Give feedback that’s honest and specific

Leave no room for ambiguity with your interns. Tell them as soon as you recognize they’re failing in a particular area! Don’t let them flounder and continue to make the same mistakes over and over again. Set them down and be specific and honest about how they need to improve and how you can help them grow.

Meanwhile, don’t draw out the process longer than is necessary. While small talk and gentle reassurance might be nice at first, don’t blindside them by relentless optimism. Though they are young, they’re at your company to learn, so they need to begin learning how to handle criticism constructively. They’ll thank you for it in the long run – trust us.

How to Launch a Product Blog Series: Inform Your Org.

product marketingEngineering, Product Management and Product Marketing have worked months to get the product launched, so now let people in your organization know about it. Why? When employees are aware of new products, it gets them excited about what the organization is doing and gives them some messaging points to talk about it.There are a range of activities and communication tactics that you can use depending on how big or small the launch will be.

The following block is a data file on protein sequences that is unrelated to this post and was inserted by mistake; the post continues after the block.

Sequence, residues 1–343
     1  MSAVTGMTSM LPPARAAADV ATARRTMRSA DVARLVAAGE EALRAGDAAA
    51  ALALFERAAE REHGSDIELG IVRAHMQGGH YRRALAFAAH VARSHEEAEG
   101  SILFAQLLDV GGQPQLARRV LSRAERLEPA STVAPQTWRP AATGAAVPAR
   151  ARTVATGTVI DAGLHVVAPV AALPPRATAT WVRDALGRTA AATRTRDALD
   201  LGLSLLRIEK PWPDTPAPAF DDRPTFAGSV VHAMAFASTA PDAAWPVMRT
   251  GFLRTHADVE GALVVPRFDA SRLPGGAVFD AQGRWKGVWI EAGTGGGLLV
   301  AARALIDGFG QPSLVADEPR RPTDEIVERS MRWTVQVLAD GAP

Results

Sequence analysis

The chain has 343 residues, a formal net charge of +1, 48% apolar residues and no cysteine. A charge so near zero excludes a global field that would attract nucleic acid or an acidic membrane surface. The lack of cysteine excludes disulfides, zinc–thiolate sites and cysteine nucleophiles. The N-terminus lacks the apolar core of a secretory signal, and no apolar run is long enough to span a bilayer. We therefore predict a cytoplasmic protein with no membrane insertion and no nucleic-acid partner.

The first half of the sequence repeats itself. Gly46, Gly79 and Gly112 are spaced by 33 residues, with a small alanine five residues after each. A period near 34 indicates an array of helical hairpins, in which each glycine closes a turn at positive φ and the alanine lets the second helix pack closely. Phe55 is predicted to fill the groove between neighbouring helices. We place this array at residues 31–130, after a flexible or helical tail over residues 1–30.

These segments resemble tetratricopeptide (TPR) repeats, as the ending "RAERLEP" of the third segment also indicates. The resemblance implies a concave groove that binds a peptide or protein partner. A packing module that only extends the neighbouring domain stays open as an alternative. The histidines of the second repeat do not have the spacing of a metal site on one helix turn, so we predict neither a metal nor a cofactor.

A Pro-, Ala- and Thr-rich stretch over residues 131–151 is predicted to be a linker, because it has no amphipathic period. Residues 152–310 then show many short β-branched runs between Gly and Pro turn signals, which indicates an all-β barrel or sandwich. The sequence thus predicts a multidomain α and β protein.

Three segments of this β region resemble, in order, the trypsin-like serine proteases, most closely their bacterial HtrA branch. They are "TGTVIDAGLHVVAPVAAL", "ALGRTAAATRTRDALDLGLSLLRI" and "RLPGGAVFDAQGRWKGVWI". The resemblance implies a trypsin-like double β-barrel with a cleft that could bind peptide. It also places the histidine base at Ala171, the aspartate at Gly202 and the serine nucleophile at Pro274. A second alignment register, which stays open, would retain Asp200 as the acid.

For minor launches:

  • If your sales and account management teams have a regularly scheduled meeting, join the meeting to provide an update. Include information about the product update, provide them with some messaging, and field any questions they may have.
  • Send an all company email letting employees know about a new feature, update or fix.
  • If your company uses a social media platform like Yammer or Chatter, post any updates there.
  • If your company has an all hands meeting, that can also be another place to let people know about anything new.

For major launches: